What Is Sacred?
Sacredness and Sexuality, Side by Side
What is sacred?
This is a question that I have asked since I was a little boy. Growing up Catholic, the answer usually came from nuns, priests, parents, and other folks who I thought would have the "answer."
The dictionary defines sacred as dedicated or set apart for the service or worship of a deity, or devoted exclusively to one service or use (as of a person or purpose). It is also defined as worthy of religious veneration or highly valued and important.
However sacred was defined, by whoever defined it for me, it was clear that it was something important to acknowledge, recognize, and respect. Although used most often in religious contexts, I found myself with a hunger for the "sacred" in my own life -- a sense of connection with something bigger than myself, such as the beauty of nature, the birth of a child, the death of a loved one, or a connection to a partner/beloved.
Coming out as a gay man in my early 20's, and being very new to the whole "gay thing," I was awestruck by how gay people connected with each other. Conversations and dialogue from my earliest experiences with gay men were purely sexual in nature.
"What do you get into?"
"Are you a top or a bottom?"
And, one of my all time favorites, "What tricks do you do in bed?"
Naïvely, I replied that I knew magicians who could do things like pull a bunny out of a hat, but I didn't know of any "tricks" I could do in the bedroom.
My "initiation" into the tribe focused on my sexual resume and nothing else. I found this to be a very empty, disappointing, and somewhat limiting way to connect with someone, although it was commonly accepted (so it appeared) by many other gay men at bars, parties, social functions, etc.
Fast forward some time, and I have been a clinical social worker for the past 17 years. I have had the privilege of working with clients of every age (from 2 to 98) and continue to be in "awe" of those who I provide service to.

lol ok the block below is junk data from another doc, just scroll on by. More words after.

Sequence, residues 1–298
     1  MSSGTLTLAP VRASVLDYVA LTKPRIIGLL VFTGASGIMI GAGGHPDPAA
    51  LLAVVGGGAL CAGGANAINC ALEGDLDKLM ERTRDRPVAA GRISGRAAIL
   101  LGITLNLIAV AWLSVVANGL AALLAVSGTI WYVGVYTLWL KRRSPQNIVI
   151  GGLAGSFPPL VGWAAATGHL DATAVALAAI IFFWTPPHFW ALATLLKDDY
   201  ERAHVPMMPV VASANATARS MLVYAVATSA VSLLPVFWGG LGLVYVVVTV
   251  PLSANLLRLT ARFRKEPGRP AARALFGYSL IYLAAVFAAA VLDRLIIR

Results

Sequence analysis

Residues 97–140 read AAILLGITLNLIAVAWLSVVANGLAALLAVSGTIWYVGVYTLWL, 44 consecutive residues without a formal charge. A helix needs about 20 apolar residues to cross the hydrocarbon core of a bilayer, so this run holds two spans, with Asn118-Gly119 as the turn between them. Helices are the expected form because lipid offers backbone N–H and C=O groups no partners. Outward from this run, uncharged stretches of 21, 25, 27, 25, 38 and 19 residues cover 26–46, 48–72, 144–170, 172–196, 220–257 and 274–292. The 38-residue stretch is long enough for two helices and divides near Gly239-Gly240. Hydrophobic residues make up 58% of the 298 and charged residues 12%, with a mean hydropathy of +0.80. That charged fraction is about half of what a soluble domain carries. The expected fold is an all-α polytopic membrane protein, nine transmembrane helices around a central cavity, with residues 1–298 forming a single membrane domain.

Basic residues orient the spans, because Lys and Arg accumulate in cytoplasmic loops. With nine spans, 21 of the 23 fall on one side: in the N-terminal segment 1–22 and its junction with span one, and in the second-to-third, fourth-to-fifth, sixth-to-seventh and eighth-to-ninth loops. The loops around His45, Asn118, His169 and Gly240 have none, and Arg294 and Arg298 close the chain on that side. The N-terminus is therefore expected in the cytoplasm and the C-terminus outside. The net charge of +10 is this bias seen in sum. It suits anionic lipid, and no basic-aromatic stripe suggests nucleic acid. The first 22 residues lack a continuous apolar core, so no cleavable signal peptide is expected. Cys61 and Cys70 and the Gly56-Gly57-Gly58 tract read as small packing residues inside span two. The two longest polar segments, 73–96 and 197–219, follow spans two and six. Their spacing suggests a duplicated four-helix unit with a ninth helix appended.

Working with the gay community has been a gift to me, including my work with HIV impacted youth, couples, and adults. When I meet a new client, the first thing I do is to ask them to tell me their story. This goes deeper than doing an "assessment."
I listen to the images they share with me, the memories of how they came to be here and what matters to them the most. When discussing sexuality and sexual relationships, I also hear a similar yearning and longing for meaning and connection that is familiar to me. When I ask folks how they decide who they share their bodies with, or what is "sacred" in their relationships with their partners, I usually get a curious expression and one of two questions: "What do you mean?" or "No one has ever asked me that before."
It's healthy to be selective about who we share our bodies with. One of the most powerful experiences we have as human beings is our ability to connect with each other sexually. It amazes me how little time we spend in our lives learning about the wonders of the human body and the gift of our sexuality, before we are ready to share them.
Our bodies are temples and we can share them with whomever we wish. When we allow ourselves to go deeper than having "sex" with someone, we can explore the "sacred" within a sexual union.
Recently I attended a Sunday morning service at Trinity United Church of Christ with a close friend of mine. During one point in the service, we were asked to share our intentions and prayers with each other. A gentleman sitting next to me engaged me in conversation and asked me, "What's in your heart?"
I found myself smiling, since I can't remember any other gay man asking me that question in a very long time.
My response was, "A hunger for the sacred and for love."
Where is the "sacred" in your life? Imagine sacred sexuality where you can connect with your mind, body, and spirit. What would this look like for you? If you can think even for a moment about this possibility, you can make it happen!
Tony Hollenbach is the Manager of Clinical Social Work/Behavioral Health for Access Community Health Network. He created the Healing Center of Chicago to integrate faith and hope into clinical work. He is available for consultation, workshops, retreats, and "healing" work with children, teens, and adults, and is also experienced in grief/loss and working with the GLBT community. E-mail Tony at firstname.lastname@example.org.